Thursday, January 08, 2015

Moments of Conception 149 -- The Poison Frog Dart Scene in Apocalypto

All creativity begins with the moment of conception.

That little piece of kindling that gets the fire going. That initial source of inspiration that takes on a life of its own. That single note from which the entire symphony grows. That single spark of life that signals an idea’s movement value, almost screaming to us, something wants to be built here.

And so, in this blog series, I’m going to be deconstructing my favorite moments of conception from popular movies. Each post will contain a video clip from a different film, along with a series of lessons we can learn from the characters.

Today's clip comes from the poison frog dart scene in Apocalypto:

What can we learn?

The forest will provide. Einstein was a naturalist. He believed that every occurrence, including the affairs of human beings, was due to the laws of nature. That the imagination of nature was far, far greater than the imagination of man, and that if we kept looking deep into nature, we would understand everything better. And so, as we learn to take our cues from nature, aligning ourselves with the creative seasons, adhering our work with the geometric order and rhythm of life, we have to deepen our belief that the forest will provide. That the land we live off of will never dry up. This belief originates in the creative order, insofar as inspiration and energy and imagination are concerned. We trust in the availability of our own answers and ideas. And we have faith in our ability to sit down and respond to something. Still, believing the forest will provide also delves into the economic order, insofar as opportunity and doing business and receiving remuneration for our efforts. We trust that we alone control the amount of work we do and determine how busy we are. And we have faith that the art we create is necessary, relevant and valuable to the marketplace. The trick, then, in allowing the forest to provide, is our mentality. Because the forest’s abundance is a consequence of our treating its wealth as a gift. And the way we treat something can sometimes alter its makeup. Jaguar has the advantage for this very reason. He may be badly injured, but in his native jungle, his mastery of the creatures and their landscapes allows him to use the forest to gradually whittle down his pursuers. What’s your poison frog dart?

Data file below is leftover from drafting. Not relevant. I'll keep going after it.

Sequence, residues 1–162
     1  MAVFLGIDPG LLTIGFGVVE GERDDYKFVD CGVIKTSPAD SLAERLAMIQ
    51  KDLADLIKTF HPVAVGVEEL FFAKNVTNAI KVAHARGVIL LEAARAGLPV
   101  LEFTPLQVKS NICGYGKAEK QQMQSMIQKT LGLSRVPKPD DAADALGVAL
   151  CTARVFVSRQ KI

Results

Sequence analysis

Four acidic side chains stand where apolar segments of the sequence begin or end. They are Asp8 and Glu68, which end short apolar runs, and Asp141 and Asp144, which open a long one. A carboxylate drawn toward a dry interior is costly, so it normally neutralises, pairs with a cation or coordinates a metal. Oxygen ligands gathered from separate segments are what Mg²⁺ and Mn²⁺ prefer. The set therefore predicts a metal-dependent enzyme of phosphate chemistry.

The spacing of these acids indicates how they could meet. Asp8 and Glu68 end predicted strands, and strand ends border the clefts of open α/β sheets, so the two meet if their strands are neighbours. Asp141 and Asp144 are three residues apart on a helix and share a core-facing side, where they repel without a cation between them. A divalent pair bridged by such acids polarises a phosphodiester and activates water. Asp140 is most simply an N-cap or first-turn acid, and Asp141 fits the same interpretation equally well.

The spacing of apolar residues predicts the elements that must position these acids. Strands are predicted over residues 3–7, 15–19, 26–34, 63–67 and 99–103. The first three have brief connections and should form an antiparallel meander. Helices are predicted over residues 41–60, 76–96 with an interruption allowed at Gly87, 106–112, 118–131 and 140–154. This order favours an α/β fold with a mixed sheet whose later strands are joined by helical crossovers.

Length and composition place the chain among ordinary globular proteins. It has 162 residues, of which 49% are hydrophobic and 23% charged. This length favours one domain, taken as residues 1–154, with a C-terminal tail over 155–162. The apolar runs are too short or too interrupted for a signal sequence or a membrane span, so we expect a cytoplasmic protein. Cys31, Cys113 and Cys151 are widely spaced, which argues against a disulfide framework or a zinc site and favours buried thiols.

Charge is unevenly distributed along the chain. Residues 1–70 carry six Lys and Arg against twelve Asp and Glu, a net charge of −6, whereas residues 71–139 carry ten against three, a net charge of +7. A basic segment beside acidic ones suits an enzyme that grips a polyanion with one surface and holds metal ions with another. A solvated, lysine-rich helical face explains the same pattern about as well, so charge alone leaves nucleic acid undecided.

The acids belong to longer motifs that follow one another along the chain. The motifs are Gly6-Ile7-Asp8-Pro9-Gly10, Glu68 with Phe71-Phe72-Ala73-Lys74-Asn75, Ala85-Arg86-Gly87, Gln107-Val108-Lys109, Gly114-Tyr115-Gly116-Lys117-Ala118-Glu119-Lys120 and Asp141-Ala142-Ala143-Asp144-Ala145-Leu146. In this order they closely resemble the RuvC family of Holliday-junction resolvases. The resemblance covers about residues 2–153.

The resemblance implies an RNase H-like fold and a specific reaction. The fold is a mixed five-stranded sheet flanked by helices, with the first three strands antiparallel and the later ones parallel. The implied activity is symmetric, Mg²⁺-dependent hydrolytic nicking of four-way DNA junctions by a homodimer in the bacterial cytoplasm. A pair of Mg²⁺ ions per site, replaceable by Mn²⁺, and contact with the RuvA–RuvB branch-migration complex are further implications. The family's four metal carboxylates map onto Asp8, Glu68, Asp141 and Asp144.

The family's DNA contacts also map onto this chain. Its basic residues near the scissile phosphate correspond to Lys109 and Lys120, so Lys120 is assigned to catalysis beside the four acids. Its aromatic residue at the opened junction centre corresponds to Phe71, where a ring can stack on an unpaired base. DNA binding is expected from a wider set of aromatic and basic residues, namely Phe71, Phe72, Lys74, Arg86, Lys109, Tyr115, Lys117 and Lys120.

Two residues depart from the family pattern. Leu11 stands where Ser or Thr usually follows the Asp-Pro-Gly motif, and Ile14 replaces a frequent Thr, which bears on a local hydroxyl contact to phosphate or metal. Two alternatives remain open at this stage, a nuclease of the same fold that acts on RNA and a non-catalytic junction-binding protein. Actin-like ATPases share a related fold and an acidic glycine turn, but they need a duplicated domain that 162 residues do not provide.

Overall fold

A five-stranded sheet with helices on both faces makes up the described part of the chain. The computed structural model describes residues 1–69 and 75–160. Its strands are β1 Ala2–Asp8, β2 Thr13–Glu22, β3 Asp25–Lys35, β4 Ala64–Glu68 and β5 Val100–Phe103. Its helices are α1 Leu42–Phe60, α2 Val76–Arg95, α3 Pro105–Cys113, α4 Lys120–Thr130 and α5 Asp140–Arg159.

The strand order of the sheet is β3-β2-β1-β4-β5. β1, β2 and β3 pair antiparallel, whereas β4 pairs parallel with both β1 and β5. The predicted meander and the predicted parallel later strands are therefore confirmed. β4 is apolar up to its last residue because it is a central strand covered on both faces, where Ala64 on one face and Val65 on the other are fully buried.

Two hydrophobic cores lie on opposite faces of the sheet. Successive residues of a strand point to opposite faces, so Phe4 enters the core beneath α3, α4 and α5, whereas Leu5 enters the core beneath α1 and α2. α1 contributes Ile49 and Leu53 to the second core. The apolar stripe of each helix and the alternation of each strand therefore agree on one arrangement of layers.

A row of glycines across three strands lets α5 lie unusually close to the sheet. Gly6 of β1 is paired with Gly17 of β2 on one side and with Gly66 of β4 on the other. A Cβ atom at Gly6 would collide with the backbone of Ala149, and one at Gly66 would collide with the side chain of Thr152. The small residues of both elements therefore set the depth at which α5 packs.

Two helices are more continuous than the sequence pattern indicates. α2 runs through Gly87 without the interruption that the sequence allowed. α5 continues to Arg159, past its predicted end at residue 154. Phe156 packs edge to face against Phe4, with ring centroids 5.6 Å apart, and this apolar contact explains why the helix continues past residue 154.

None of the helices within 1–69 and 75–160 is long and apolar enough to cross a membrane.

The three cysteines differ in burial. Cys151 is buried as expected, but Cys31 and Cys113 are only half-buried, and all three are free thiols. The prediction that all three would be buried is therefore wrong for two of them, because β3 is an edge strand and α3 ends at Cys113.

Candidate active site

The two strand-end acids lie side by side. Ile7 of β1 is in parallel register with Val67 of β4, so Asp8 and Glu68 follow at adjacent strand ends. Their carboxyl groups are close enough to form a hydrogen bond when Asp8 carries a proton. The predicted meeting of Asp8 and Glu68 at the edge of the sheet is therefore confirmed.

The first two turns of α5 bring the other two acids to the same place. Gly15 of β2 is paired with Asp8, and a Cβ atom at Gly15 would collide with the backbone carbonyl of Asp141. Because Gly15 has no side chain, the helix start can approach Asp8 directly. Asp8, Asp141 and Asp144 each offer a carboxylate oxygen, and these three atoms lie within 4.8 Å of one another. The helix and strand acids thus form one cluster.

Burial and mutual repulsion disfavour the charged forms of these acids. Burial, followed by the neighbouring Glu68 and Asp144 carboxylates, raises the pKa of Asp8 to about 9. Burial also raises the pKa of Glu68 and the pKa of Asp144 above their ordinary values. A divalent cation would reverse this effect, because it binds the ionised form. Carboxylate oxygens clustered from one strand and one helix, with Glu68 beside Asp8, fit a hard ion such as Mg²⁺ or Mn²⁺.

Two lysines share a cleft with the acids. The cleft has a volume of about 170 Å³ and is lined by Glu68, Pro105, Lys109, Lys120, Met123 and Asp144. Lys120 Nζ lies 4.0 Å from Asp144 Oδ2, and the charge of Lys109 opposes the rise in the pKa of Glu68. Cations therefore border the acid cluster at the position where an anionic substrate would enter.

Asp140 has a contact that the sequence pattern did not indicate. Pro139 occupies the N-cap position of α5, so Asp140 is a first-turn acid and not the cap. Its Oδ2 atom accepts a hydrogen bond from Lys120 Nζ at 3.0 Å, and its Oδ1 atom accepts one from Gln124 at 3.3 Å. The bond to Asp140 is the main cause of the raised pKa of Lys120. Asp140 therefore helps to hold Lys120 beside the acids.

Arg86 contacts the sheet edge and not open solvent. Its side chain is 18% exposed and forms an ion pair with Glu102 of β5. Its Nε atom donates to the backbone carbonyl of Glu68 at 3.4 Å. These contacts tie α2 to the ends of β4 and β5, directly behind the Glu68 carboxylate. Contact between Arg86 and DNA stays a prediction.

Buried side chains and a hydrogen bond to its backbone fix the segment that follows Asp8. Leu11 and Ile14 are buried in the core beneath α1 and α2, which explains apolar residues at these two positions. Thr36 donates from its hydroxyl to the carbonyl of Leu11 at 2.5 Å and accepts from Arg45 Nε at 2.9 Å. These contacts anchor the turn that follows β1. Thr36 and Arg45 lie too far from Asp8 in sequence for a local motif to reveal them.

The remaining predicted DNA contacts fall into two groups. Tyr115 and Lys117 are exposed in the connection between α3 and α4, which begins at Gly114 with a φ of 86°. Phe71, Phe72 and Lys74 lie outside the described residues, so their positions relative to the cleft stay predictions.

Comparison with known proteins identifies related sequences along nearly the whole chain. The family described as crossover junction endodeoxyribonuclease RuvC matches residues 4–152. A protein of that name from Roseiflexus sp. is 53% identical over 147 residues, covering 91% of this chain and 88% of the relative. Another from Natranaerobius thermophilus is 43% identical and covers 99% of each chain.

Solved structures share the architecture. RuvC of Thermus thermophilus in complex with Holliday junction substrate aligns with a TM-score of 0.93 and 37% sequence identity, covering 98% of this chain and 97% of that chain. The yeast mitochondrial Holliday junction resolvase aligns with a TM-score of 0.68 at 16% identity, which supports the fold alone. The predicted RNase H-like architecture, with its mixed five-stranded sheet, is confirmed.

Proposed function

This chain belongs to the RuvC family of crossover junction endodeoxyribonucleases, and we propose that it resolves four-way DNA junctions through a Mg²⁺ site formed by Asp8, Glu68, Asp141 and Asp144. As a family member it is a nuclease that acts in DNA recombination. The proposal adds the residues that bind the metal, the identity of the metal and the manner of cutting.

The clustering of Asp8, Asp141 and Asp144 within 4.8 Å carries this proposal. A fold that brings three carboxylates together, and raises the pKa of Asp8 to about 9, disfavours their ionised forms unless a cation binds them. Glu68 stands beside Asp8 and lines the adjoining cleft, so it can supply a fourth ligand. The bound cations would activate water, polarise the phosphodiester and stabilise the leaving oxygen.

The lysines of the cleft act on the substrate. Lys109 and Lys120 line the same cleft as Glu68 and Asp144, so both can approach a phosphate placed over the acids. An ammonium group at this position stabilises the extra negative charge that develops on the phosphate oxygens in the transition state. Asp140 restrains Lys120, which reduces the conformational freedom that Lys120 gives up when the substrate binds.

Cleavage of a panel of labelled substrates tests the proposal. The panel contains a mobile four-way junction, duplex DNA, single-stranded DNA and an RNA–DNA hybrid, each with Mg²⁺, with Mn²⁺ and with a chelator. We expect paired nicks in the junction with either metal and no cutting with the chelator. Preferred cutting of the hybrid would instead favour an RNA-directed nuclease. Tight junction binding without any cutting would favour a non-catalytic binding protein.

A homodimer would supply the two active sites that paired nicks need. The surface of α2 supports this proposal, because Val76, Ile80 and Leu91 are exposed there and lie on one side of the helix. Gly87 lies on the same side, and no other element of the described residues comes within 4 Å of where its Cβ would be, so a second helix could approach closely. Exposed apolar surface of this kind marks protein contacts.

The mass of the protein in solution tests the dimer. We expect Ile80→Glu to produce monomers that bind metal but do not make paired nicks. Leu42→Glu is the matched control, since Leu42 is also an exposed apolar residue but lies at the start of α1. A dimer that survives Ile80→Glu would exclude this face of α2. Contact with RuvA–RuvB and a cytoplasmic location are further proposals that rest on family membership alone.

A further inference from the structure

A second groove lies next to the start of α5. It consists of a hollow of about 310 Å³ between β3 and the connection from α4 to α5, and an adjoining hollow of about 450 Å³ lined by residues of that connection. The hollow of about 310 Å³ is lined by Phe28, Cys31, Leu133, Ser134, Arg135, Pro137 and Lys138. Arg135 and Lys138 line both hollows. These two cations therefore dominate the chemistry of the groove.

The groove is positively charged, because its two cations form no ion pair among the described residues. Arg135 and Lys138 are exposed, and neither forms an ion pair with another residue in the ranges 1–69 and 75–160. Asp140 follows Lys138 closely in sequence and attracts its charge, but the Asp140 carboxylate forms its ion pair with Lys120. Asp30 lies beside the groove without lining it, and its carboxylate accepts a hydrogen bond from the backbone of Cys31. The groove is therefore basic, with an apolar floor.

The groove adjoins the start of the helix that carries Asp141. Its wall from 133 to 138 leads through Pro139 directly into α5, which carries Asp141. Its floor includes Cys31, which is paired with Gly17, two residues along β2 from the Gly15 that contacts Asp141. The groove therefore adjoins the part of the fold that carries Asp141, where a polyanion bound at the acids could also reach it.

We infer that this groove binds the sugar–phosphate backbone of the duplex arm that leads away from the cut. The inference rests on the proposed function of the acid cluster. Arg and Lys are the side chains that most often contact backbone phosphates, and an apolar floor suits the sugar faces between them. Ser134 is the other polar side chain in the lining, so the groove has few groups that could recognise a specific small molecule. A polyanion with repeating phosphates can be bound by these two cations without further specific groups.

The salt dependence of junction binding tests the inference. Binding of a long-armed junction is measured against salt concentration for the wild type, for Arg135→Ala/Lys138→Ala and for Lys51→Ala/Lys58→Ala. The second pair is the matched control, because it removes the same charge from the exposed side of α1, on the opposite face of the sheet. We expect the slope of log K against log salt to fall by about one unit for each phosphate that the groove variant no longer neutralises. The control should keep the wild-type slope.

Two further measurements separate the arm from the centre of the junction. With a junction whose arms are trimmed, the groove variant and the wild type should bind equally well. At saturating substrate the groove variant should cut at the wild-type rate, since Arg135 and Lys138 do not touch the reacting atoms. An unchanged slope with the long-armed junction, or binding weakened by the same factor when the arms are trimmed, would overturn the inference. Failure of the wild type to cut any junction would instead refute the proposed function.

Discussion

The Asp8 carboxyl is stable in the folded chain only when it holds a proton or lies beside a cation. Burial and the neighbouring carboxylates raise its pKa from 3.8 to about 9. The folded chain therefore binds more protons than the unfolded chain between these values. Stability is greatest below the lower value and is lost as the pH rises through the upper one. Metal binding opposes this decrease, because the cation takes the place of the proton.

Figure out life through the filter of nature. I made the decision to reinvent my career almost exactly ten years after I started my company. Literally, down to the exact week. And I wondered if there was any significance to such fortuitous timing. So I went for a long walk in the park and ran the following thought experiment. How would this problem be solved in nature? After a few hours, something occurred to me. The number ten is by far the most significant labeling system in nature. Ten is the major organizing principle of the universe. It’s the mathematical base for everything. That’s why decades are such important life markers. There truly is something special about what transpires during a ten year period. That information activated a professional transformation for me. I began to reinvent myself. To enlarge my concept of work. To expand the constellation of my identity as a creator. To keep more of my passions in play. And to mold my definition of a career to fit anything that excited and fed my soul. What’s more, I memorialized my journey to finding the next stone on the path through a collection of songs, which ultimately became the centerpiece of a new concert documentary. That’s what’s possible when we tune into nature’s agenda. How are you remaking yourself as you grow and as the world changes?

Inviting nature as your creative collaborator. Hyde explains that we should look at ourselves as part of nature and not its lord. That we should respond to nature as part of our identities, not as a stranger or alien available for exploitation. This mindset serves us well creatively. It reminds to enable a more visceral and spontaneous contact with our work. Jaguar, a true warrior of the jungle, keeps a sharp eye on the clues for ways to defeat his enemies. Because time is not his ally. If he doesn’t fashion a weapon soon, he’ll never make it out alive. But thanks to his keen powers of observation, he notices the brightly colored poison dart frog. And in that moment, he envisions a solution. He grabs the amphibian, finds a portable creative environment to set up shop, and the two beings cocreate. It’s beautiful. The look on the man’s face is that of focus and creativity and strategy, and the look on the frog’s face is that of service and flexibility and peace. Both understand their role in the jungle. Both contribute to each other. And nobody gets hurt. Proving, that creativity isn’t just knowing a good idea when you see it, it’s executing that idea before anyone else sees it. Because just like in nature, timing isn’t everything, it’s the only thing. How are you inviting nature as your creative collaborator?

What did you learn from this movie clip?

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Scott Ginsberg
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